The 10 Finalist Teams have until the middle of next year to transform their proposals into working prototypes of handheld diagnostic devices capable of monitoring vital signs and diagnosing diseases.
The Qualcomm Tricorder X Prize was launched in 2012 to challenge innovators to create handheld, portable and wireless gadgets inspired by the fictional tricorder medical scanner it was named after. More than 300 submissions were accepted. The pool was later trimmed down to 21 official teams. Now, it is down to just 10 Finalists vying for the $10 million prize, and the chance to turn Star Trek fiction into digital health reality.
The finalists run the gamut from university students and researchers to biotech startups to established medical device companies. Teams come from the United States, Canada, Europe and Asia. They now have until May next year, when the first device trial commences, to build their prototype devices that are deemed safe enough by safety engineers to be tested on a pilot group of patients in a medical center.
The goal is to build a lightweight, portable, handheld, non-invasive device that is not only capable of monitoring at least 5 vital health metrics, but also diagnose 15 conditions or diseases, including anemia, diabetes and tuberculosis. These devices are envisioned to be used by consumers with little or no training at all, putting them directly in-charge of their health.
The 10 Finalist Teams: (with technologies they developed that they may use in their new X Prize device)
* Aezon (Maryland), led by Tatiana Rypinski, a team of student engineers from Johns Hopkins University partnering with the Center for Bioengineering Innovation & Design. (Four-part solution: vitals monitoring unit, lab box, smartphone app, and cloud API)
* CloudDX (Canada), a team from medical devices manufacturer Biosign and led by company chief medical officer, Dr. Sonny Kohli. (Pulsewave health monitoring technology)
* Danvantri (India), a team from technology manufacturer American Megatrends India and led by company Director and CEO, Sridharan Mani. (AMI Vitals Fit)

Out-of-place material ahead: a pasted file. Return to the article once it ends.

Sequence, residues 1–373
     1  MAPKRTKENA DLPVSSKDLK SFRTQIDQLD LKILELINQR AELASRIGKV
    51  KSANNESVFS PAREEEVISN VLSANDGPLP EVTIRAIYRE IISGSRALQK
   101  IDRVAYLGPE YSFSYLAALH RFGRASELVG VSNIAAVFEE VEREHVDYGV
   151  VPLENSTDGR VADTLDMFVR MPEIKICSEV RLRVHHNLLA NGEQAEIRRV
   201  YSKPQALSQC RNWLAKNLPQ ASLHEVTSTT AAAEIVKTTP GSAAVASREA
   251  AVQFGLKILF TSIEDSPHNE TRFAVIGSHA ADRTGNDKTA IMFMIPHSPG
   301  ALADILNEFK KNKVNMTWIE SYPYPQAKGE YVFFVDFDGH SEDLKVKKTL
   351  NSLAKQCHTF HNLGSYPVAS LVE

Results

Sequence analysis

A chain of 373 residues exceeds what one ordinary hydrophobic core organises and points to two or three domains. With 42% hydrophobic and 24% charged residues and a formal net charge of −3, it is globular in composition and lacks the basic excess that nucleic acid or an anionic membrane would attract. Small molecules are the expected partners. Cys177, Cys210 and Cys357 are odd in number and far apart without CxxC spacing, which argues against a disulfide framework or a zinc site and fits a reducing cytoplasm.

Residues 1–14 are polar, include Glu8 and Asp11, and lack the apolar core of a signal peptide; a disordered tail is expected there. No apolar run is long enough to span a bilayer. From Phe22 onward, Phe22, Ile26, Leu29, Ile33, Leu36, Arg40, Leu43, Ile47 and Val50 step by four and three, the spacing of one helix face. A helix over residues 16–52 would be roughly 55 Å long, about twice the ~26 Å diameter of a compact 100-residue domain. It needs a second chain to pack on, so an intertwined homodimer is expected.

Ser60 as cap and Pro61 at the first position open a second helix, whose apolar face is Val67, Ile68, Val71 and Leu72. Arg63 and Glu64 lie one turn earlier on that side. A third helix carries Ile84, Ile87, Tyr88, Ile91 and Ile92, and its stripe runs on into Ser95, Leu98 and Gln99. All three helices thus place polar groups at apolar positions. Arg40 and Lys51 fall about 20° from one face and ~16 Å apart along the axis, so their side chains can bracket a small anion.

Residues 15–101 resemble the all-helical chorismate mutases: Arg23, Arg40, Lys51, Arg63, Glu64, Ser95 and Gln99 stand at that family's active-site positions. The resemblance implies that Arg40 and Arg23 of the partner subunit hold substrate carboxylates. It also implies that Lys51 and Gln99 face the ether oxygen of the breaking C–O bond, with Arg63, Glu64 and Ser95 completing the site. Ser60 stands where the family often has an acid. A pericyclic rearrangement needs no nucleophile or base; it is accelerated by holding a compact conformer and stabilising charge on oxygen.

* DMI (Massachussetts.), a team led by Dr. Eugene Y. Chan of the DNA Medicine Institute partnering with NASA, the National Institutes of Health and the Bill and Melinda Gates Foundation. ( rHEALTH Sensor)
* Dynamical Biomarkers Group (Taiwan), a team of physicians, scientists and engineers led by Harvard Medical School professor Chung-Kang Peng. (Various diagnostic research projects)
* Final Frontier Medical Devices (Pennsylvania), a team led by the founders of Basil Leaf Technologies—brothers Dr. Basil Harris, an emergency room physician, and George Harris, a network engineer. (DxtER™ portable diagnostic device)
* MESI Simplifying diagnostics (Slovenia), a team from diagnostic medical device manufacturer MESI and led by company CEO, Jakob Susteric. (Bracelet and mobile app monitor temperature, ECG and SpO2)
* SCANADU (California), a team from Silicon Valley-based start-up SCANADU led by technology entrepreneur and company co-founder and CEO, Walter De Brouwer. (Handheld vital signs scanner)
* SCANurse (England), a team from diagnostic medical manufacturer SCANurse and led by biomedical engineer and company founder, Anil Vaidya. (Device using breath, movement and visual analysis)
* zensor (Ireland), a team from clinical sensor and electrode company Intelesens and led by chief technology officer, Prof. Jim McLaughlin. (Health monitor that records ECG, heart rate, respiration rate and motion)
“The technologies being created for the Qualcomm Tricorder XPRIZE can have an exponential, global impact, not only on remotely diagnosing diseases, but on a myriad of other medical areas, including continuous health monitoring, disease prevention and chronic disease management,” Rick Valencia, Sr. Vice President & General Manager, Qualcomm Life, said in a statement. “It will certainly be exciting to see these devices materialize as we move closer to the competition’s end.”
The non-profit X Prize Foundation organizes and awards prizes for breakthroughs that benefit humanity in five different areas (energy and environment, global development, exploration, learning, and life sciences).
Referring to the affiliated Nokia Sensing X Prize competition in 2013, Dr. Erik Viirre, the technical and medical director for the foundation, believes all the finalists in the Qualcomm Tricorder X Prize are likely to attract investors willing to further develop their prototypes long after the competition has ended.
“I was at the Nokia finals last year, and literally the same day that the prize winners were announced, investors were going in and talking to the competitors and making investments,” Dr. Erik Viirre, technical and medical director for X Prize, told MobiHealthNews. “And I know that’s happening not only for the finalists, but other competitors, just because of the visibility that comes from being an X Prize competitor. So I am very confident we’ll see plenty of technology.”
Portable diagnostic devices, and health monitoring sensors and wearables like the ones being developed by the X Prize finalists can make their biggest impact on developing countries and resource-poor settings, both the finalists and competition organizers believe.